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Silchester - A Roman Town

Britain was an important province within the Roman Empire and there are many well-known Roman sites, familiar to visitors, but there are also other sites less well known. Less than 50 miles west of London is Silchester Roman City and Amphitheatre. The city enclosed an area of nearly 100 acres and was at the junction of several major roads. The ‘Devil's Highway’ connected it with the provincial capital Londinium (London) and at Calleva this road divided into routes to various other points west, including the road to Aquae Sulis (Bath); Ermin Street to Glevum (Gloucester); and the Port Way to Sorviodunum (Old Sarum near modern Salisbury).


One of the very good interpretation boards provided by English Heritage

Photo: Roy Nicholls


A plan of the layout of Roman Silchester

Photo: Public photo


Silchester (Calleva Atrebatum - "Calleva of the Atrebates") was originally an Iron Age settlement, capital of the Atrebates tribe. The Late Iron Age settlement at Silchester has been revealed by archaeology to link Silchester with the seat of power of the Atrebates and coins found stamped with "COMMIOS" show that Commius, king of the Atrebates, established his territory and mint here. The ‘oppidum’ (Celtic fortified town) was situated on the edge of a gravel plateau, underlying the subsequent Roman town. The Inner Earthwork, constructed c. 1 BCE (Before Current Era), enclosed an area of 32 hectares, and a more extensive series of defensive earthworks was built in the wider area.


The Roman town was divided into 37 blocks (insulae) and in dry summers this grid can be traced as parch marks in the grass. The insulae contained the houses, shops and workshops of the people of the town. Houses ranged from small, modest dwellings to large complexes with impressive mosaic floors built around courtyards. And adjacent to the south gate was a mansio, a large building complex, rather like an inn, that supported the imperial courier service. At the centre of the town stood the forum basilica where justice and taxation were administered, and the forum itself was the marketplace.


Silchester from the West

Photo: Roy Nicholls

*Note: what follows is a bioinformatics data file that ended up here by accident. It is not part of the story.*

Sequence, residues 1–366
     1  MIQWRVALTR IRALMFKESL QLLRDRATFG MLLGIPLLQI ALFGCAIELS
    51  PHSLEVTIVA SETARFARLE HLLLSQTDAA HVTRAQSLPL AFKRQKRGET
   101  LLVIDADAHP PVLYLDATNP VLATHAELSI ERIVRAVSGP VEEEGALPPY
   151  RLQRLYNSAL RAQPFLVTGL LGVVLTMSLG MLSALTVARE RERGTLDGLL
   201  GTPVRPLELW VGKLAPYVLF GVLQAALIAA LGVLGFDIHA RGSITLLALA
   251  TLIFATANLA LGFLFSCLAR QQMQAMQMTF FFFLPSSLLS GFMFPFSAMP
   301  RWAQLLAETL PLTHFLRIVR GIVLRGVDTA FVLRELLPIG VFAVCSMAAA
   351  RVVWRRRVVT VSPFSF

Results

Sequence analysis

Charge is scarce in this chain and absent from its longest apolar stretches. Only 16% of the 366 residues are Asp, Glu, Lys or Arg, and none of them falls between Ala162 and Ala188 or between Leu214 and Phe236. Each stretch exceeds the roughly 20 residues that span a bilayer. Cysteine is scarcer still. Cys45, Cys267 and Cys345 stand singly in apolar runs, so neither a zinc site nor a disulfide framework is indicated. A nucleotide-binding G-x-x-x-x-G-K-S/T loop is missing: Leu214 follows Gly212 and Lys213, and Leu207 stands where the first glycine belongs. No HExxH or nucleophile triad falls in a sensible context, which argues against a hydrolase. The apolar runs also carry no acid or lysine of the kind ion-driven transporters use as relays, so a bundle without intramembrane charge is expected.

Part of the Western Wall

Photo: Roy Nicholls


The city wall with a very determined Yew tree!

Photo: Roy Nicholls


There was a large public bath house, close to a natural spring, many temples and a possible Christian church. The decline of the Roman Empire led eventually to the abandonment of the Roman town at Silchester sometime after 410 BCE, when the province itself was abandoned. Major buildings at the site were still in use around 400-430 BCE, and there is an hypothesis that the city remained in use during the sixth century, thanks to its sturdy walls, but there is no archaeological evidence that urban life existed at Calleva beyond c. 450 at the latest. This contrasts with most other Roman towns in Britain, which continued to exist after the end of the Roman era. Calleva, is one of six towns that did not survive the sub-Roman era and disappeared in the early Middle Ages.


The South Gate

Photo: Roy Nicholls


The South South Gate looking eastwards

Photo: Roy Nicholls


Today, the most visible remains are the town walls and the north and south gates. The amphitheatre lies just outside the walls and is still impressive. The amphitheatre would have been used for gladiatorial combat, wild beast fights and public executions.


Most of the outer masonry has been robbed away, leaving the inner core

Photo: Roy Nicholls


A good section of the city wall with a 'modern' road alongside

Photo: Roy Nicholls


The main entrance to the amphitheatre

Photo: Roy Nicholls


The interior of the amphitheatre

Photo: Roy Nicholls


A section of the original defensive ditch

Photo: Roy Nicholls


For any visitor wishing to explore the site, there is a Silchester Trail that follows the city walls (follow the green signs), with interpretation boards at regular intervals, an iPhone app (available from the App Store) developed by Reading University and a short audio tour, which is available from English Heritage’s web pages on Silchester.


The visitors trail, courtesy of English Heritage

Photo: Roy Nicholls

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